Productive efficiency

From Wikipedia, the free encyclopedia
Jump to: navigation, search
An example PPF: points B, C and D are all productively efficient, but an economy at A would not be.
Productive efficiency can also be illustrated by the intersection MC=A(T)C.

Productive efficiency occurs when the economy is using all of its resources efficiently. The concept is illustrated on a production possibility frontier (PPF) where all points on the curve are points of maximum productive efficiency (i.e., no more output can be achieved from the given inputs).[1] An equilibrium may be productively efficient without being allocatively efficient— i.e. it may result in a distribution of goods where social welfare is not maximized.

Productive efficiency occurs when production of one good is achieved at the lowest resource (input) cost possible, given the level of production of the other good(s). Equivalently, it occurs when the highest possible output of one good is produced, given the production level of the other good(s). In long-run equilibrium for perfectly competitive markets, this is at the base of the average total cost curve—i.e. where marginal cost equals average total cost.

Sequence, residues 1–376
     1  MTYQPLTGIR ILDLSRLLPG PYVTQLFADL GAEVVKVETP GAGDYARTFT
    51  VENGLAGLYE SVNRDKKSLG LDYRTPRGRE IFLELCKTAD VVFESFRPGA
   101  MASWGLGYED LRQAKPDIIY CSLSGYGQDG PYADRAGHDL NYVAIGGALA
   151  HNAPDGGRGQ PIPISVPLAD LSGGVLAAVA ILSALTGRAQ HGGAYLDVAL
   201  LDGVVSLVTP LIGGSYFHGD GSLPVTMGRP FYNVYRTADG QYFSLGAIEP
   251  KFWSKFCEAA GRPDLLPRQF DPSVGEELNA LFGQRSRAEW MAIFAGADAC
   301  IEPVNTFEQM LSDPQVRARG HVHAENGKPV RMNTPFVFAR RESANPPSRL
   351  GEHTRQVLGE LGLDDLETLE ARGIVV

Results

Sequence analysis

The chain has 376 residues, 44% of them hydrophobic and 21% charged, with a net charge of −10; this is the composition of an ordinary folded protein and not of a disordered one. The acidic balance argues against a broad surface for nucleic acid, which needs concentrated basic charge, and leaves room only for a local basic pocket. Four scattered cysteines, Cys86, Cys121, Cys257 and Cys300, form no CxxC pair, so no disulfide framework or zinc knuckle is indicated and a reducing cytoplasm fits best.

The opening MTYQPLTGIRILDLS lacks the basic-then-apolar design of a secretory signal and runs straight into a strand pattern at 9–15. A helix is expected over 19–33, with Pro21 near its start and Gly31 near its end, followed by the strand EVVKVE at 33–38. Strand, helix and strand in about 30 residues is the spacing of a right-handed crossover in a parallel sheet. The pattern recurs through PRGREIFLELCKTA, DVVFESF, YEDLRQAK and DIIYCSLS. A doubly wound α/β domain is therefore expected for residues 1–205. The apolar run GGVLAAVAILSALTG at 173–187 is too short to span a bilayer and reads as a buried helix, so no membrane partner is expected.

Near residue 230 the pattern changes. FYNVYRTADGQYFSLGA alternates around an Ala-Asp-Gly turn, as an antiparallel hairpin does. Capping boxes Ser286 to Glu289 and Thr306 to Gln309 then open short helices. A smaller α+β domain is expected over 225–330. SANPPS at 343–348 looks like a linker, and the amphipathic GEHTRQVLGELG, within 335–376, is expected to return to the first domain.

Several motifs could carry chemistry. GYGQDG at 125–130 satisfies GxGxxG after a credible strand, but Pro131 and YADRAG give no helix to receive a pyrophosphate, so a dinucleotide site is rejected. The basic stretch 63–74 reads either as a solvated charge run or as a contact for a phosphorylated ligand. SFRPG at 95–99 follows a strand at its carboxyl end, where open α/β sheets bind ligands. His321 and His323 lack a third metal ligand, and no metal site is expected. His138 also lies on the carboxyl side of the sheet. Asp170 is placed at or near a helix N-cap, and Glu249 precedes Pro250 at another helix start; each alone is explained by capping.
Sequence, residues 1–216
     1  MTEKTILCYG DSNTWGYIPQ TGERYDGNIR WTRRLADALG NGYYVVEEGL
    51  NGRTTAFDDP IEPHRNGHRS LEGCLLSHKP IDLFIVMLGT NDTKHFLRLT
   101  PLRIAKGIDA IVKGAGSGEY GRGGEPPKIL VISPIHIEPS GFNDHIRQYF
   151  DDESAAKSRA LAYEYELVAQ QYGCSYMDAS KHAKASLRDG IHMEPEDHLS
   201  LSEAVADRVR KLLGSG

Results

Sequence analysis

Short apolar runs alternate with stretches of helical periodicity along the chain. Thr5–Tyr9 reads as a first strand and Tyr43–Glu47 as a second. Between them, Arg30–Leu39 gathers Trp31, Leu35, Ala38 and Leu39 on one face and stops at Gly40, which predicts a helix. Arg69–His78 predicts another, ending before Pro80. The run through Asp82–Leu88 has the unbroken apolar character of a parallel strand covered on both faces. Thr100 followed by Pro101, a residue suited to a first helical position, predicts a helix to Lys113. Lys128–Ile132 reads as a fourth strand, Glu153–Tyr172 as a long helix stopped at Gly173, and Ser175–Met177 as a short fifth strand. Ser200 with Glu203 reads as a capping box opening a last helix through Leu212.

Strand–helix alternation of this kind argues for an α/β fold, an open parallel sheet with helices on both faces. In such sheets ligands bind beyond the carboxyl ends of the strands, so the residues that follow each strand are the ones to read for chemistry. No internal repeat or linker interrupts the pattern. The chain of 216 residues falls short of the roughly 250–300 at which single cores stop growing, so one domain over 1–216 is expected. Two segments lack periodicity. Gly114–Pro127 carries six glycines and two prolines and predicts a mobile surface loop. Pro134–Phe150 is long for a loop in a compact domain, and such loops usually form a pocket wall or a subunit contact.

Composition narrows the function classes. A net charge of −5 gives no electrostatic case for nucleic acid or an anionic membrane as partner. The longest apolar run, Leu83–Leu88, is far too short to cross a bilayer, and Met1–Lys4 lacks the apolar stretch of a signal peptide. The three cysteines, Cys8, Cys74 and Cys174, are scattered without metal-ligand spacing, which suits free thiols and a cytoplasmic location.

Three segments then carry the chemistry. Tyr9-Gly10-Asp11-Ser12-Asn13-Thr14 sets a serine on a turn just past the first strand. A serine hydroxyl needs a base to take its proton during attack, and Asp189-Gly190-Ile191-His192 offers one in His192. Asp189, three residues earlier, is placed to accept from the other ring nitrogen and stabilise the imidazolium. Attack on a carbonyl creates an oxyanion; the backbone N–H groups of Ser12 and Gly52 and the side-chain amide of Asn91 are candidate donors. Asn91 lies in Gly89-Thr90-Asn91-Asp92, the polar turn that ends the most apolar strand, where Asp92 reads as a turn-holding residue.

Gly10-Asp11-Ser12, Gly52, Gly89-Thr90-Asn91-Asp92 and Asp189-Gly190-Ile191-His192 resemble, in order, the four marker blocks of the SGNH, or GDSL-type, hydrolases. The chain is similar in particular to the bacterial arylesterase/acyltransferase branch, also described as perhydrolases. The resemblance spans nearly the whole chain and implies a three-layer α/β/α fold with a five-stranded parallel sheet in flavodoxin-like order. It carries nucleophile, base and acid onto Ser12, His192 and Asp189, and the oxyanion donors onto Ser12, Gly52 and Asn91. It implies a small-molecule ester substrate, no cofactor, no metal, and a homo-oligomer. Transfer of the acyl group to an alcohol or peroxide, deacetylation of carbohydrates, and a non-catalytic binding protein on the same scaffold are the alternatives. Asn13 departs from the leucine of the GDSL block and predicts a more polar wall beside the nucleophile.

Productive efficiency requires that all firms operate using best-practice technological and managerial processes. By improving these processes, an economy or business can extend its production possibility frontier outward, so that efficient production yields more output.

Due to the nature of monopolistic companies, they may not be productively efficient, because of X-inefficiency, whereby companies operating in a monopoly have less of an incentive to maximize output due to lack of competition. However, due to economies of scale it can be possible for the profit-maximizing level of output of monopolistic companies to occur with a lower price to the consumer than perfectly competitive companies.

References[edit]

  1. ^ Standish, Barry. Economics: Principles and Practice. South Africa: Pearson Education. pp. 13–15. ISBN 978-1-86891-069-4.